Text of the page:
Facing Up to Factories of Failure
The first one I visited had been built for 40 people but was housing 100. I was struck by the glaring lights and the barrage of noise. The kids were dressed in sweats, many with holes in them. Some were in shackles or handcuffs. Guards carried Mace.
Decades of hard evidence, not just gut feeling, tell us that youth prisons like that one do real and lasting harm.
We know that one of the strongest predictors of delinquent behavior is having a social circle of delinquent peers.
So what do we do? We put young people in prisons where they create intense relationships with those with a history of breaking the law. Instead of reform schools, youth prisons are schools for crime.
We know that young people develop emotional maturity by learning from their mistakes and realizing that they can do better.
So what do youth prisons do? They reinforce the most negative aspects of young people’s developing personalities, tell them that they are dangerous, that they have no future. And after shaping their identity as young criminals, we return them to the community with little support or connection to opportunity.
We know that most incarcerated youth have histories of trauma that make them especially sensitive to environmental triggers.
So where do we send them? To youth prisons characterized by isolation, solitary confinement, chemical and physical restraints, bright lights, constant din, and a pervasive threat of violence.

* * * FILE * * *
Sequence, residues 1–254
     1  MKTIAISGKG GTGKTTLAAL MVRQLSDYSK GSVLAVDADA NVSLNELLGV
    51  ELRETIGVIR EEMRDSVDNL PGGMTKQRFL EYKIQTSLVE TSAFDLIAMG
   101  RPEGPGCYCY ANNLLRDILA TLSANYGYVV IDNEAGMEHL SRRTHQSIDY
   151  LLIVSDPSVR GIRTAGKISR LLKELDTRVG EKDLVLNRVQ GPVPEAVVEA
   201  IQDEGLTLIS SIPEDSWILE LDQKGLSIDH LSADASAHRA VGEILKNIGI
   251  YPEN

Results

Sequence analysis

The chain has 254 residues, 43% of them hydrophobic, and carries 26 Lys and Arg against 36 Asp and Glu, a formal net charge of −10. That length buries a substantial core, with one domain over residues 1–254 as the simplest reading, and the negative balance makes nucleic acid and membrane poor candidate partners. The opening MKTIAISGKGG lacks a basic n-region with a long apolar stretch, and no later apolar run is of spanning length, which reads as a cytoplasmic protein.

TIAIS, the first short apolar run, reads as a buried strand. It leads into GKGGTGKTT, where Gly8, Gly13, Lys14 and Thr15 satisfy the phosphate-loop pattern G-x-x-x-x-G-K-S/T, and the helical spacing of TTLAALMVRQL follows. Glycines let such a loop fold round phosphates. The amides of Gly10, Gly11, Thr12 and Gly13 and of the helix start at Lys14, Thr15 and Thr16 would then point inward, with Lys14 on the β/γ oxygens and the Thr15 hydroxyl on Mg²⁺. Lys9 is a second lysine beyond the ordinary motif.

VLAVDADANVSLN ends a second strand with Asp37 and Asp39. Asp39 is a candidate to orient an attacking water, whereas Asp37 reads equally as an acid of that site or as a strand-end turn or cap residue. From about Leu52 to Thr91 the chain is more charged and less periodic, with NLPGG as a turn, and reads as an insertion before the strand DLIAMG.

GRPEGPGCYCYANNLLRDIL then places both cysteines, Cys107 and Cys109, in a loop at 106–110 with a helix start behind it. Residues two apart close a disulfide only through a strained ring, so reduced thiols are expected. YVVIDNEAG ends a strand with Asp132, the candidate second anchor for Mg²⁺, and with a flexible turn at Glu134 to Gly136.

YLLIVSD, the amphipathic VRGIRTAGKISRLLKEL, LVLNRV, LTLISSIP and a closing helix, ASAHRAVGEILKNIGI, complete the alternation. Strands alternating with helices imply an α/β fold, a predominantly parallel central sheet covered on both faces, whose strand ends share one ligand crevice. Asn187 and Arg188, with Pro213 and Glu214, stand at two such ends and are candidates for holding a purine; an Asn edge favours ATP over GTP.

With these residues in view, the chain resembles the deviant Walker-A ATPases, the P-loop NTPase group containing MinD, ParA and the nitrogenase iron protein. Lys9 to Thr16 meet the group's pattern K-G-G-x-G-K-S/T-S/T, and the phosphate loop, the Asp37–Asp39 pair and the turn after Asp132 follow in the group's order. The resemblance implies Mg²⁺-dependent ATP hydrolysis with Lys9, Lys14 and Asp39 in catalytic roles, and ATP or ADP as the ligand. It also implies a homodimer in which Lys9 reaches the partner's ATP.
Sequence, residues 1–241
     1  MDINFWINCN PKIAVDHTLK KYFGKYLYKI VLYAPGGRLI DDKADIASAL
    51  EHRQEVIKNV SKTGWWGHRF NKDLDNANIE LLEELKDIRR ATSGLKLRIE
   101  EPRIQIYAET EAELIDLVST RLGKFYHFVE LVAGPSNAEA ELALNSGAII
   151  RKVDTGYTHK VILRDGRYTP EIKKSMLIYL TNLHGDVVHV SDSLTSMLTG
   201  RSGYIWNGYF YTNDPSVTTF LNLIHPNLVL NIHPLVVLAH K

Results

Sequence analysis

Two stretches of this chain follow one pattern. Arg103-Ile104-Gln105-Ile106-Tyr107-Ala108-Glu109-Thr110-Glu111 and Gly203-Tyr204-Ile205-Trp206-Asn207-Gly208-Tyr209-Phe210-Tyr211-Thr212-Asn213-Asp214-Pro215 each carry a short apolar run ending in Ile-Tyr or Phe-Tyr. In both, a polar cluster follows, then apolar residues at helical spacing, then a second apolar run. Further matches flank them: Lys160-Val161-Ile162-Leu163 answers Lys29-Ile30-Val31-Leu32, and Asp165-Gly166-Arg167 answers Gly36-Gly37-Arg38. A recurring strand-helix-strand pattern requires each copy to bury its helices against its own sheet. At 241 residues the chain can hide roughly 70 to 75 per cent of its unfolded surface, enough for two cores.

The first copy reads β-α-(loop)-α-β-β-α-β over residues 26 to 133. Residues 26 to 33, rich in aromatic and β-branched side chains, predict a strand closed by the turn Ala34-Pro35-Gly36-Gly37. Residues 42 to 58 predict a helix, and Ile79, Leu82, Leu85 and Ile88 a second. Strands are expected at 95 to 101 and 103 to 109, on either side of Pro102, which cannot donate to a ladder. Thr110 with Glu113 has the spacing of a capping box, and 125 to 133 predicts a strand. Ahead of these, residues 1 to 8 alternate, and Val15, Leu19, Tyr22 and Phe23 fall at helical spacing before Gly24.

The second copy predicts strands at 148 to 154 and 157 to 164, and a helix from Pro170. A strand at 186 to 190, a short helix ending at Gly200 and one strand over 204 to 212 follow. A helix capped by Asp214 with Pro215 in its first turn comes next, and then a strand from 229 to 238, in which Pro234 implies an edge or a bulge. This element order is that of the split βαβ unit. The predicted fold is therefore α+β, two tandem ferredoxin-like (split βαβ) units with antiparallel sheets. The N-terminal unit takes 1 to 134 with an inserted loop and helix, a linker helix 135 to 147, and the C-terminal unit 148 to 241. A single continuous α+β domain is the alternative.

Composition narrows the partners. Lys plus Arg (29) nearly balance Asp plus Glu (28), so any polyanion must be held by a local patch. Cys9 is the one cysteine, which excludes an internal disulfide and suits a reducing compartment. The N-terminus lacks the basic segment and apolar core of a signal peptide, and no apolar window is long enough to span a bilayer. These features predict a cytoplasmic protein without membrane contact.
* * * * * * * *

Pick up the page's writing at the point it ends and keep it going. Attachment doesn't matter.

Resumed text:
So how can we be surprised by dismal recidivism rates of 60, 70, 80 percent? These factories of failure fail at protecting the community, they fail at turning young lives around, they fail at being cost-effective, and they fail at protecting kids from abuse.
Clearly, the time is way past to close every last youth prison in the country. And we can.
By changing policies, we can ensure that kids aren’t locked up for minor offenses. By changing programs, we can create alternatives like kinship programs and family-based interventions. By changing systems, we can transform state juvenile justice systems—by, for example, implementing risk assessments that give judges sound criteria for making sentencing decisions. By changing practice, we can create small, community-based residential care that ensures safety while delivering staff-intensive treatment and education and fostering relationships of trust.
With all the powerful structures and systems of our society, juvenile justice systems are mediated by this country’s long history of racism. They’re influenced and mediated by the stories we tell ourselves about black and brown young people—in other words, by the central social injustice that has infected this country for hundreds of years and continues to affect us to the present day.
It’s time we face up to the dismal failure of the adult-like youth prisons that lock up thousands and thousands and thousands of young people every day. It’s time we close every last one of them in favor of more family-based, community-oriented responses that hold young people accountable for their behavior but, at the same time, are more safe, more effective, and more just.
Patrick McCarthy, Ph.D. ’81, is president and CEO of the Annie E. Casey Foundation, which is devoted to improving the lives of children at risk of poor educational, economic, social, and health outcomes.